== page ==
Please Remove Adblock
Adverts are the main source of Revenue for DoveMed. Please remove adblock to help us create the best medical content found on the Internet.

Alport Syndrome

Last updated July 1, 2019

Approved by: Maulik P. Purohit MD, MPH


Image showing hearing loss effect of Alport's disease in 13-year-old boy.

What are the other Names for this Condition? (Also known as/Synonyms)

  • Hematuria-Nephropathy-Deafness
  • Hereditary Deafness And Nephropathy
  • Hereditary Nephritis

What is Alport Syndrome? (Definition/Background Information)

  • Alport Syndrome is a genetic disorder that is characterized by damage to the blood vessels in the kidneys, resulting in nephritis (kidney inflammation) and progressive kidney failure
  • As the disorder progresses, kidney disease, hearing loss, and vision-related abnormalities are likely to occur. Complications of Alport Syndrome are end-stage kidney failure, blindness, and vision loss
  • Mutations in the genes coding for collagen production are responsible for the symptoms associated with Alport Syndrome. Collagen is important for forming blood vessels in the kidneys; these vessels (glomeruli) remove water and waste from blood and create urine. When mutations are present, collagen is not produced appropriately and the blood vessels cannot function properly
  • The diagnosis of Alport Syndrome may include a urine test, serum levels of urea and creatinine, and a renal biopsy
  • There is no cure of Alport syndrome; the treatment is aimed at managing the symptoms. The condition cannot also be effectively prevented
  • Males are more commonly affected by Alport Syndrome than females; also, females have a milder condition than males. Women with Alport Syndrome have better prognosis than men

Who gets Alport Syndrome? (Age and Sex Distribution)

  • Alport Syndrome is typically observed more in males than females. While the disorder is inherited, symptoms do not arise until later in one’s life
  • Often times, Alport Syndrome is milder in females than in males, who experience more severe symptoms
  • The incidence of the condition is 1 in 50,000 

What are the Risk Factors for Alport Syndrome? (Predisposing Factors)

The risk factors of Alport Syndrome include:

  • Male gender
  • Family history of the disorder

It is important to note that having a risk factor does not mean that one will get the condition. A risk factor increases ones chances of getting a condition compared to an individual without the risk factors. Some risk factors are more important than others.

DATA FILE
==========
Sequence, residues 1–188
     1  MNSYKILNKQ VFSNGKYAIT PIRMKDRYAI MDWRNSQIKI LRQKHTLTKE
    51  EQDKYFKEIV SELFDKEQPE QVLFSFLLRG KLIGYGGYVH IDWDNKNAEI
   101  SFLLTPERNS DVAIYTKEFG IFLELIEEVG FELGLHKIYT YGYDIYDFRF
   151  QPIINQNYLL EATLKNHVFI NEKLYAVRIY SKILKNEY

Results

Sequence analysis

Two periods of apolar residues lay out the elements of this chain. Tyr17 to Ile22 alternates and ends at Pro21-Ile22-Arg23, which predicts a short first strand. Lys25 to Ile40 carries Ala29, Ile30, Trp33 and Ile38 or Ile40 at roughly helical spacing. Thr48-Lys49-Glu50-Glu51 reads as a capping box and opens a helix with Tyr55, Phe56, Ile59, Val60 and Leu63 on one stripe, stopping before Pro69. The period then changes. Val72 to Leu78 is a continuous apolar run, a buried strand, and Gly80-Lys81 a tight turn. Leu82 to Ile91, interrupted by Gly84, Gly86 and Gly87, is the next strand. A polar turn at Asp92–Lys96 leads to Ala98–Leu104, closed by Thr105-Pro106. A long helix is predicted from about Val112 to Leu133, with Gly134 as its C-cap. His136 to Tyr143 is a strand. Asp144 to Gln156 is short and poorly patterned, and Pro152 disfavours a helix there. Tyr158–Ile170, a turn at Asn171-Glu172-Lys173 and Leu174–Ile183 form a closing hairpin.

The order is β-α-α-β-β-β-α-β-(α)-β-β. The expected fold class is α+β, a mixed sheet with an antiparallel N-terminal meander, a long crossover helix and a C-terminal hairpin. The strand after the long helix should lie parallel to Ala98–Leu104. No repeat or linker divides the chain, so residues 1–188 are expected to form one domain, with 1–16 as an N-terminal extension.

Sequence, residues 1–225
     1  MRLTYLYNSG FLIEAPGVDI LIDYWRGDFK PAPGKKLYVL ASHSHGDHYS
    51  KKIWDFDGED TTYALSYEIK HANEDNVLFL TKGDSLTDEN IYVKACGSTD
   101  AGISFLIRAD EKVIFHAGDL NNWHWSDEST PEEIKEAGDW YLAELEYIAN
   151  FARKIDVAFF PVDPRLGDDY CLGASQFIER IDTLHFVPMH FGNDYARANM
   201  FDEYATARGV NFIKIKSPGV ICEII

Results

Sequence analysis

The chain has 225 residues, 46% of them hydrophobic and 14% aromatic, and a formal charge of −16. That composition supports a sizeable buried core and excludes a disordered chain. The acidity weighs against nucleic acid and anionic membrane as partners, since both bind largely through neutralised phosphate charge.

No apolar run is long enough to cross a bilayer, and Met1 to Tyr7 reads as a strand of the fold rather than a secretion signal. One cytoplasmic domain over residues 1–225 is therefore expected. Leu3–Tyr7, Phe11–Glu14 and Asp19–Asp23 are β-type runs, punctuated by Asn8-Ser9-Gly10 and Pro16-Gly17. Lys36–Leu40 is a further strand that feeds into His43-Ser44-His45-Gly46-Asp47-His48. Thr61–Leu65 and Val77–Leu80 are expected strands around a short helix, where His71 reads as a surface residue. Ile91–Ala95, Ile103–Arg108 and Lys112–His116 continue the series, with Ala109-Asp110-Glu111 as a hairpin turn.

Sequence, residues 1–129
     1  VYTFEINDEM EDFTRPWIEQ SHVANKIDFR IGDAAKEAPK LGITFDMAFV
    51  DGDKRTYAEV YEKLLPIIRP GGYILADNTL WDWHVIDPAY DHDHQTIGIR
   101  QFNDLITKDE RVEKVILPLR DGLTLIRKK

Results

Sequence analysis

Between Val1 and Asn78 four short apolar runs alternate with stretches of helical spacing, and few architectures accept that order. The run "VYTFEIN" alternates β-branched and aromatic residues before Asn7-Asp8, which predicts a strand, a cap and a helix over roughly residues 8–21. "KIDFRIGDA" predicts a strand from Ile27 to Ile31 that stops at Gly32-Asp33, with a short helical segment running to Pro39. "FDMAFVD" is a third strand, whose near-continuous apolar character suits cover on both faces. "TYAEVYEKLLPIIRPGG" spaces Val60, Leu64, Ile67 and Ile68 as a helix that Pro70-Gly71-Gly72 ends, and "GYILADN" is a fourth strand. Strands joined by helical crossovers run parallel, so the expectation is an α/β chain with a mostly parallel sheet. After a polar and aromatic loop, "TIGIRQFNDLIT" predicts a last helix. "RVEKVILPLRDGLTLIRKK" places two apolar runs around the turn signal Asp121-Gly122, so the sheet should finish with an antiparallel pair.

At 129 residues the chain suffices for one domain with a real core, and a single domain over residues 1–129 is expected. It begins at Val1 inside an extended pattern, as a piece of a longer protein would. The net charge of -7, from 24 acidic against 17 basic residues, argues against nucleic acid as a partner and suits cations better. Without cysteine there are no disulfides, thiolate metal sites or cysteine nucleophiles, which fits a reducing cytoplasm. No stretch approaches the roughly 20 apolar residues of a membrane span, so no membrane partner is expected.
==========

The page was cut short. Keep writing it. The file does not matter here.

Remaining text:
Also, not having a risk factor does not mean that an individual will not get the condition. It is always important to discuss the effect of risk factors with your healthcare provider.

What are the Causes of Alport Syndrome? (Etiology)

  • Alport Syndrome is caused by mutations on the COL4A5 gene (on the X chromosome), or on the COL4A3, or COL4A4 genes (on autosomes). All these genes code the instructions for producing parts of the protein, type IV collagen
  • Type IV collagen is important in the kidneys because it makes specialized blood vessels, called glomeruli, which remove water and other waste products from blood, producing urine
  • When mutations are present, type IV collagen is not produced correctly, causing abnormally formed glomeruli in the kidneys. This prevents the kidneys from properly filtering blood, allowing blood and proteins to pass into urine
  • Eventually kidney scarring and inflammation will occur resulting in kidney disease or kidney failure characteristic of Alport Syndrome

Alport Syndrome is a genetically inherited disorder.

  • Cases have been observed where inheritance occurred in an X-linked pattern as well as in an autosomal recessive pattern
  • Individuals with the X-linked form of the disorder inherit mutations on the COL4A5 gene, which is located on the X chromosome. Males are more likely to have this form of the disorder because they only have one X chromosome, which means that if mutations are present in this gene, they will definitely have Alport Syndrome